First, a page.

As we lead up to Ignite for our session on “When To Use What” in Office 365 we thought we would share some insight into when to use Video and when not to use Video. This article is not about Office 365 Video, though we have found customers who have taken advantage of Office 365 video need more time and attention put to this question. Instead it is about when Video works well, and when there might be better alternatives (depending on the production costs and effort).
If you aren’t yet aware Office 365 provides something called Office 365 Video to customers and users who have purchase the suite. Office Video is a great way to easily and rapidly deliver a modern (and pretty incredible) Video Portal for your enterprise. Take a look at “Meet Office 365 Video” if you are still getting started with Office 365 Video.
What follows is a summary of when to use video and when not to use video. We are lucky and at 2toLead we use video quite a bit when building Intranet trailers or teasers as well as for educational purposes. In many situations we have provided short how-to’s, webcasts and even multiple series of webcasts. Microsoft has published a great collection of video content that can help users with understand Office 365, and sometimes with the introduction of Office Video, Delve, and Groups actually uses video to introduce new UIs and concepts which is also a great use for video. That is actually what this is all about – when to use video and when to sometimes avoid using video.
When Should Video Be Used?
Here is a listing of the typical times when video should or could be used to improve delivery of key information or messaging.
1. When Introducing New Features & UI Tours
Video can be a great way to help show users where new features are and how to use them. It often especially important to give a tour of a brand new or drastically-altered UI. As written or even image comparisons can often still lead to confusion. It is much, much easier to show these types of things than it is to write about them.
2. When Introducing New Concepts, New Solutions Or Scenarios
New concepts, solutions and scenarios are much easier to grasp when we combine a spoken explanation with a demonstration. Additionally, the narrator can show his/her excitement about the new concept and personalize the message.
3. When Providing Quick Tips And Tricks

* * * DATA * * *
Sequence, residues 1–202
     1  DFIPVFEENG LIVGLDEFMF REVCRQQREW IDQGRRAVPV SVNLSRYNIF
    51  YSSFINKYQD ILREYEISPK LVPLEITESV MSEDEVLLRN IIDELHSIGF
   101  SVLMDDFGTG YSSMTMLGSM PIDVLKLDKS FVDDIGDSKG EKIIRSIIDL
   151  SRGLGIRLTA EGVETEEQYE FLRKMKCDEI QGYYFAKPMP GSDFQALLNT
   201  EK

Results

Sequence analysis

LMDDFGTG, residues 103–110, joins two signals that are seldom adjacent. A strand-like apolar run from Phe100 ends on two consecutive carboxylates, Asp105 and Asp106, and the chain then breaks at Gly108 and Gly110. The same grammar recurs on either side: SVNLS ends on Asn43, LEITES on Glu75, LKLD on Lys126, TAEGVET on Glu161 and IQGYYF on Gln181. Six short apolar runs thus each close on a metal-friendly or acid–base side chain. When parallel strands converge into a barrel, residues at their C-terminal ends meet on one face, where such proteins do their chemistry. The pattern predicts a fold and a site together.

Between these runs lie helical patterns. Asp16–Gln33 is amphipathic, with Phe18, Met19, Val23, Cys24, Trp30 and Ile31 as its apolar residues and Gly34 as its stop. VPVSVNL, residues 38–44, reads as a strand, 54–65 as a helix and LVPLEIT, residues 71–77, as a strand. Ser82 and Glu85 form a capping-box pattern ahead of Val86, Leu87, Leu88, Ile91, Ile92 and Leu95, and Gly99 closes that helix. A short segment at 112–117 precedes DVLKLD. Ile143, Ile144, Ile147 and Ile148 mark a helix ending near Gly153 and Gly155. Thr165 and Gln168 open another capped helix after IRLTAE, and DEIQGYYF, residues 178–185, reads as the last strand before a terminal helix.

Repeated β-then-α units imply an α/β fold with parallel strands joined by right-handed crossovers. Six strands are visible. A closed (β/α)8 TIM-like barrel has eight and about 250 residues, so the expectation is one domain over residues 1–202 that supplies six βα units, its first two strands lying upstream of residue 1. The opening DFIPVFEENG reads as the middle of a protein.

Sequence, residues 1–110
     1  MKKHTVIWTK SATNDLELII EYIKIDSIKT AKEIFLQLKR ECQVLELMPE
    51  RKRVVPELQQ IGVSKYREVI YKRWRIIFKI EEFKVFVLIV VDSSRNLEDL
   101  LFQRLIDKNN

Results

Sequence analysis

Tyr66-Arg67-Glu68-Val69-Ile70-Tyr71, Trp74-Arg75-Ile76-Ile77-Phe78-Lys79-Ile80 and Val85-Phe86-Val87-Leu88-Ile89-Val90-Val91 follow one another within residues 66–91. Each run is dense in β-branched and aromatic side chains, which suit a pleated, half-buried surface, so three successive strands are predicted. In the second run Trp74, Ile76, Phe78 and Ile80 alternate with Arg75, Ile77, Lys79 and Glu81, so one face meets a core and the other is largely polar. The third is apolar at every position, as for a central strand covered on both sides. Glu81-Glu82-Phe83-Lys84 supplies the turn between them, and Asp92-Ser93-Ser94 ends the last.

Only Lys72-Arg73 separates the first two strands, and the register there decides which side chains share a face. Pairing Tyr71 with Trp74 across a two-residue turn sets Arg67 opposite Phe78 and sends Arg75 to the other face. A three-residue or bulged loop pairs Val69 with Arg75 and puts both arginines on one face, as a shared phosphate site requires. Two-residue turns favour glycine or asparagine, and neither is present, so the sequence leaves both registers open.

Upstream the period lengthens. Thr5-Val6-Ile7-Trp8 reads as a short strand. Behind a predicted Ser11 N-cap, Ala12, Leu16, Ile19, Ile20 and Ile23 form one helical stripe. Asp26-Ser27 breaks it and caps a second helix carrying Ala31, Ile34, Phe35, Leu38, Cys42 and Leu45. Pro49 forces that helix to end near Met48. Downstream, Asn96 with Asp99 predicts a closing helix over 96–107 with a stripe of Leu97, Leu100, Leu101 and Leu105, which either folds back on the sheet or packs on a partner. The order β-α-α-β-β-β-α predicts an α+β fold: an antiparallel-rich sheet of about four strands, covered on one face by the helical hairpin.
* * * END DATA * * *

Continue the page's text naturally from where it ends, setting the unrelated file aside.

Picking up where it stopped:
These are often interspersed in other written content. As an example perhaps there is a procedure that is easily codified in writing, but has one complex or confusing step. In that instance adding a quick short video that provides a tip or trick to help the user avoid a mistake, missing something, or helps them understand/emphasize something can be extremely useful.
4. When Documenting Or Sharing Complicated Tasks/Processes With Many Steps (If And Branching Topics)
We do a lot of business process analysis, design and development for customers using SharePoint and 3rd party products. Often long processes can be daunting in text, but video can show the UI with the steps being taken so there is considerably less room for misunderstanding. Video as opposed to text often can explain something much faster than text. Lastly to write the same amount of content that can often be quickly recorded can take many, many pages. Since processes sometimes change it’s also easier to update a video later or a section of video than many pages of steps and process notes.
Some of the hardest content to write well is procedures with branching options. These are very difficult to follow in written format. With video, being able to show the options and the actions helps orient the learner. Breaking the procedure up into separate-but-related videos also helps.
5. When Communicating Connected Or Related Tasks
Often connected or related tasks can be presented as a video series. They become more digestible when seen as in smaller separate videos. This can also be useful if there are related learnings which aren’t required but might be interesting to the learner. The long text required to document connected or related tasks can be extremely time consuming and so video can save quite a bit of time here as well.
6. When We Are Not Completely Sure Of The Expertise Of The Learner(s)
In our writing we often need to make assumptions about the knowledge of the learner and write accordingly. Video is more explicit and shows you everything, even if the speaker doesn’t tell you everything they are doing. With video you can satisfy many levels of learning at once, because video shows everything that is captured. It also avoid you leaving out something in the details that might have helped the learner achieve their results faster.
7. When Sharing Difficult Or Unpopular Messages
If you anticipate resistance, video adds the personal touch to counteract (or at least lessen) the negative reaction to a message. The speaker can take the time to offer background and explanation without interruption. The speaker can also show enthusiasm and passion for the change/decision and comfort or alignment with other speakers more easily.